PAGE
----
Remote Evidence: I can be anywhere, right? Wrong! Karen Boyle’s latest blog provides essential guidance on giving evidence in the Tribunals.
With the emergence of remote hearings and CVP during the pandemic, the use of technology has become an essential tool to ensure the administration of justice. As we emerge into a new era, post pandemic, the use of remote hearings looks like it is here to stay. It is worth remembering, although it should be obvious, a remote hearing remains a formal hearing and rules of evidence and jurisdiction apply.
Is it permissible to conduct your remote hearing or give evidence to a tribunal, whilst driving your car, or sitting on a train? Hopefully, these are easily answered?!
How about, whilst on holiday, business or resident, outside of the UK?
The case of Agbabiaka (evidence from abroad: Nare guidance)  UKUT 286 (IAC) lays down useful guidance on the jurisdictional responsibility for parties, and their representatives, when a party intends to give oral evidence in a remote hearing, whilst being present outside of the UK. In essence, it is now necessary to ascertain whether the foreign state objects to evidence being given to a Court in the UK, from within their territory. The guidance can be summarised as follows:
- An application to call evidence remotely from abroad must be made in sufficient time before the hearing to allow it to be dealt with properly. Such application should be made at the Court where the hearing will take place and must give the reason the witness cannot attend from the UK. Further, details of the nature of the evidence they will give, an explanation of the arrangements likely to be in place in the foreign country and an undertaking to pay any expenses incurred.
- The applicant must make all necessary enquiries with the Taking of Evidence Unit (ToE) of the Foreign, Commonwealth and Development Office, (FCDO) and provide the Court with the foreign state’s position on evidence being taken from their state. The FCDO hold a list of countries who have provided a blanket consent. Applicants must check and obtain the necessary permissions and be able to prove consent. Consent is not necessary for written evidence or oral submissions.
- There is no requirement for distance evidence to be given from another Court/Tribunal.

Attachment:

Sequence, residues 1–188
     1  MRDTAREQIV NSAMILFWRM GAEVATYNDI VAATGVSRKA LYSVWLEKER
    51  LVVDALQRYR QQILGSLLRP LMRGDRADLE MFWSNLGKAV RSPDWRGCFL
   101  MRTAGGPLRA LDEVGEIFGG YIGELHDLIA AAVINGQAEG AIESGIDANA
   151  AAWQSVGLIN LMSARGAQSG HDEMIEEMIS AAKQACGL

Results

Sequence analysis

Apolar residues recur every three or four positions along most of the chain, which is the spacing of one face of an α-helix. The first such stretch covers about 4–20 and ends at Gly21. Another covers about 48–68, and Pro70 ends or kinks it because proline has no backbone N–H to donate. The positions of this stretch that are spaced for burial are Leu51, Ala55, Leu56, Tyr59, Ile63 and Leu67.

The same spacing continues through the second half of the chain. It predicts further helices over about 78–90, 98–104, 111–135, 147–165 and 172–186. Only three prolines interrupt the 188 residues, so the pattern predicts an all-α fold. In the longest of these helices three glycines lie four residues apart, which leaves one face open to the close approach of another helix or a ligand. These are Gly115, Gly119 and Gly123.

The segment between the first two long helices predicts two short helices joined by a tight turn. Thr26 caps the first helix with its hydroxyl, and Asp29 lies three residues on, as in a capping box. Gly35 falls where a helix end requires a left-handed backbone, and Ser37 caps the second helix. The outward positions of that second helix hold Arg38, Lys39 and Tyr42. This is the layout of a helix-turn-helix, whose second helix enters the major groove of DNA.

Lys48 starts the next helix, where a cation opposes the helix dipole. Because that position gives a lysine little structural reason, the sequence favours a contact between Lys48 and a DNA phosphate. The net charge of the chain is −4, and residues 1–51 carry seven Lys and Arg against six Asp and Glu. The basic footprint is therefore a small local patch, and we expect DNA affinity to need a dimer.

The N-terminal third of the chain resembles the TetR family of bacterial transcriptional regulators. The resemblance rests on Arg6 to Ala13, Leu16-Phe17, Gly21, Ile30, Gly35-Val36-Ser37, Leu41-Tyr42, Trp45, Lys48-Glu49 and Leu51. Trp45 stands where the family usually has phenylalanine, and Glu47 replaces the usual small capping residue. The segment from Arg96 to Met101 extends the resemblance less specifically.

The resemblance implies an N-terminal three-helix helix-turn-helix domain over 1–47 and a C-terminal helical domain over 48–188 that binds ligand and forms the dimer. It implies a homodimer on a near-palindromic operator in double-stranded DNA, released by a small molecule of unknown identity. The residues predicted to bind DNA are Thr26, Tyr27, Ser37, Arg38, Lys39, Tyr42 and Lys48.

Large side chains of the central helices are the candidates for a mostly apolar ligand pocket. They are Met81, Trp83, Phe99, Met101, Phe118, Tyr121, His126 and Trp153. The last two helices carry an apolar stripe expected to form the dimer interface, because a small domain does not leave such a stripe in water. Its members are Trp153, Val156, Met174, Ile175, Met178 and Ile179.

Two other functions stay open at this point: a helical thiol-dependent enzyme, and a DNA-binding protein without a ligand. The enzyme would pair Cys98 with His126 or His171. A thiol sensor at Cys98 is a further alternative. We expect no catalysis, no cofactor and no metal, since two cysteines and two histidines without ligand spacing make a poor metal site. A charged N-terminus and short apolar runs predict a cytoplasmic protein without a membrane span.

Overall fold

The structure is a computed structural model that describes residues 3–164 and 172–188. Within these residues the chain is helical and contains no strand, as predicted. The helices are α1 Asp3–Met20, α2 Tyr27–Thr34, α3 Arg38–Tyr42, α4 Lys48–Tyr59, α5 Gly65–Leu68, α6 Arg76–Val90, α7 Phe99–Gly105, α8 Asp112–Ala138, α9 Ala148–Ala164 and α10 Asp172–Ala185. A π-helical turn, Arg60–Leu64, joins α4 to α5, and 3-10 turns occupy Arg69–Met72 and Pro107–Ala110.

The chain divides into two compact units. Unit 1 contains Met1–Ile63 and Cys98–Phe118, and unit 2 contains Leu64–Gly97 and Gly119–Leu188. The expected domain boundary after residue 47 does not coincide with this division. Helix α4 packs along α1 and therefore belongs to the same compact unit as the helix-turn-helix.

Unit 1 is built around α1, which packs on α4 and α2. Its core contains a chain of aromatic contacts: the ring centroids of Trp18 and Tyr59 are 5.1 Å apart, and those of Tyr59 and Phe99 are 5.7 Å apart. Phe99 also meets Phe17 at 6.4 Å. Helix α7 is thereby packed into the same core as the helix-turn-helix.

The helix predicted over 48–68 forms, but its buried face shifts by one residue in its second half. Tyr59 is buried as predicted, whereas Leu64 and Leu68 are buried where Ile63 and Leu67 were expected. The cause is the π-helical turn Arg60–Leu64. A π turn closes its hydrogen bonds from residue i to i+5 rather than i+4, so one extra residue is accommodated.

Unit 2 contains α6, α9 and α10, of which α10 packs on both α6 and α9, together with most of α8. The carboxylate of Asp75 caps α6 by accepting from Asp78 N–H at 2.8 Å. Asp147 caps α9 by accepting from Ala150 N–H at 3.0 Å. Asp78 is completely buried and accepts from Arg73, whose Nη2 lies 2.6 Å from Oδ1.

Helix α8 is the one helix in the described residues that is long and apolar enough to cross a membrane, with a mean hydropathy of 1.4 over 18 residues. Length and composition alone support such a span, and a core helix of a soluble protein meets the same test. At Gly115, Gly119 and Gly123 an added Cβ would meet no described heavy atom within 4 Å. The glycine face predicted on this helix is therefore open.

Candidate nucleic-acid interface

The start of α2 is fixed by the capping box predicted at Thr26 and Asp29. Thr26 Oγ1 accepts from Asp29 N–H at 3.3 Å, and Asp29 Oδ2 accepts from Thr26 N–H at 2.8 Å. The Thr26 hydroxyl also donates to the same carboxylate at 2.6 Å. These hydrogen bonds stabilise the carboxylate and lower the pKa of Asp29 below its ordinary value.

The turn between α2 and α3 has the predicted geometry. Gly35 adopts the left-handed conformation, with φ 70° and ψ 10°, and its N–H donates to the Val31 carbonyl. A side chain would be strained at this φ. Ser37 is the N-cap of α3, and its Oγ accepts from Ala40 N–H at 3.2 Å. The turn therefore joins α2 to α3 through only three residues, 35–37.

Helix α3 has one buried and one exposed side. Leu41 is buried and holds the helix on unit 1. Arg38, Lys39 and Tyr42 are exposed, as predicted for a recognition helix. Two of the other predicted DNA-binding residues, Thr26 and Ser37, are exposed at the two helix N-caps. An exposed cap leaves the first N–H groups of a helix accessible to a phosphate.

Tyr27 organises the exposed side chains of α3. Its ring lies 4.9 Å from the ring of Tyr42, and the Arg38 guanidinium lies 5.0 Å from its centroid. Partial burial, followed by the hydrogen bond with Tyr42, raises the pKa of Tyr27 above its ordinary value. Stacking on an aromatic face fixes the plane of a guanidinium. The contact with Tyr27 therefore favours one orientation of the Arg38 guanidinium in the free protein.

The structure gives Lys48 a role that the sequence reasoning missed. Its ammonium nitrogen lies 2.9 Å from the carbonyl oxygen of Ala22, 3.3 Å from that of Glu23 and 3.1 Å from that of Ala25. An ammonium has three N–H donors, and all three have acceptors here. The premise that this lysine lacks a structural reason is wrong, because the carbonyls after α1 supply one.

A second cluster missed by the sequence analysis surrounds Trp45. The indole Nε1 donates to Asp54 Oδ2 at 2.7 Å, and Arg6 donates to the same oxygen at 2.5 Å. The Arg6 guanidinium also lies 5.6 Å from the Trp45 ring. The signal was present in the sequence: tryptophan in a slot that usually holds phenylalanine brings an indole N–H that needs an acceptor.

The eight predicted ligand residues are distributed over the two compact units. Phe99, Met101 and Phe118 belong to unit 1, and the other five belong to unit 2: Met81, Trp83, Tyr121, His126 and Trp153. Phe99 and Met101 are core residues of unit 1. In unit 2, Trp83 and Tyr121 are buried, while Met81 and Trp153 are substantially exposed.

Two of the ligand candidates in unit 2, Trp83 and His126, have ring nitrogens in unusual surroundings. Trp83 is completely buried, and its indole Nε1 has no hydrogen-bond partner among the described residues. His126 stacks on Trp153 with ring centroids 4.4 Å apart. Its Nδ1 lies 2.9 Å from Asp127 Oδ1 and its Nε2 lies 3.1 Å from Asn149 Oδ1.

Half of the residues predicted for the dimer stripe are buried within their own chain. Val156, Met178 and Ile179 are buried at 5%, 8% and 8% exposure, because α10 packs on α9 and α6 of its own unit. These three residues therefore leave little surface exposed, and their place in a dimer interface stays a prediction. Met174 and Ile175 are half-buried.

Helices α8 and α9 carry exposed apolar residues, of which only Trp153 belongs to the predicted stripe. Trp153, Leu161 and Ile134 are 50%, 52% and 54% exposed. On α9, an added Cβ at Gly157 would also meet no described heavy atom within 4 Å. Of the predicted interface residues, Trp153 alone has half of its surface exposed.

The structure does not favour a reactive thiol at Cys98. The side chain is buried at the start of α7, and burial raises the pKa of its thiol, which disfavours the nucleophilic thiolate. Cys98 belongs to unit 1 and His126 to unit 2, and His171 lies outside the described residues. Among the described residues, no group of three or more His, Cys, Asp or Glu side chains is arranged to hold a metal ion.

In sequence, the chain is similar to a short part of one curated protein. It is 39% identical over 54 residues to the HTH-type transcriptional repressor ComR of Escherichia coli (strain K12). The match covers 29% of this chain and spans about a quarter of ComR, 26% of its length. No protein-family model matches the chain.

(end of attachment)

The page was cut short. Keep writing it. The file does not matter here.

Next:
- The decision whether to grant permission to the applicant is a judicial one. Judges must take into account the reasons supporting the application, any response from other parties, as well as the overriding objective and Court rules.
- Arrangements to ensure equal and adequate access to the remote link will be required, including the use of an Interpreter.
- The Judge may have to consider disadvantages caused by evidence given remotely when it is challenged, and submissions should be invited and considered if the issue arises.
- There can be substantial delays in the FCDO obtaining answers from states where requests are necessary. As such, the duty to give effect to the overriding objective may require the Court to consider alternatives to the giving of oral evidence. Each case will be considered on its own merits.
In April 2022 the Tribunal published Presidential guidance on the taking of evidence from abroad which can be found on the Tribunal website; Presidential Guidance (Employment Tribunals: Evidence)  ICR 877. It makes clear that Her Majesty’s Court and Tribunal Service, pursuant to a timely application, will make the necessary enquiries with the ToE Unit at the FCDO on the applicant’s behalf and pay the necessary fees. It is worthwhile making an application as soon as possible, at PHR where possible. If the foreign state has not given a blanket consent and is not present upon the FCDO’s list of countries, a formal request will be necessary. Further information as to practicalities can be obtained from the ToE Unit at the FCDO.
(Law and details correct at the time of writing)